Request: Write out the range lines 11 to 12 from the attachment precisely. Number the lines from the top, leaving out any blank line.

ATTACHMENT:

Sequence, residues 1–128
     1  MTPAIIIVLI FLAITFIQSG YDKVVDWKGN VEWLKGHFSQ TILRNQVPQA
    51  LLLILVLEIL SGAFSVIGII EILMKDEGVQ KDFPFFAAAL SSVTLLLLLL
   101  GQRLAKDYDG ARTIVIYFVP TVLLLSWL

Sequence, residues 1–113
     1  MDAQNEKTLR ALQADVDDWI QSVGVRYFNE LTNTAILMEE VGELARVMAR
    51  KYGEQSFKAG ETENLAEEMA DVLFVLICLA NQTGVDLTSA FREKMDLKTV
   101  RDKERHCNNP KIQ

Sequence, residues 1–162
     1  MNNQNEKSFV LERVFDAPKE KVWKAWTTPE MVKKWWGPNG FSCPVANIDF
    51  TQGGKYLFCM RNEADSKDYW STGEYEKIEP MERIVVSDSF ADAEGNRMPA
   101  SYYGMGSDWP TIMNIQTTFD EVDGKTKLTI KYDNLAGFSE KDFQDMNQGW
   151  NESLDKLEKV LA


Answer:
    51  TQGGKYLFCM RNEADSKDYW STGEYEKIEP MERIVVSDSF ADAEGNRMPA
   101  SYYGMGSDWP TIMNIQTTFD EVDGKTKLTI KYDNLAGFSE KDFQDMNQGW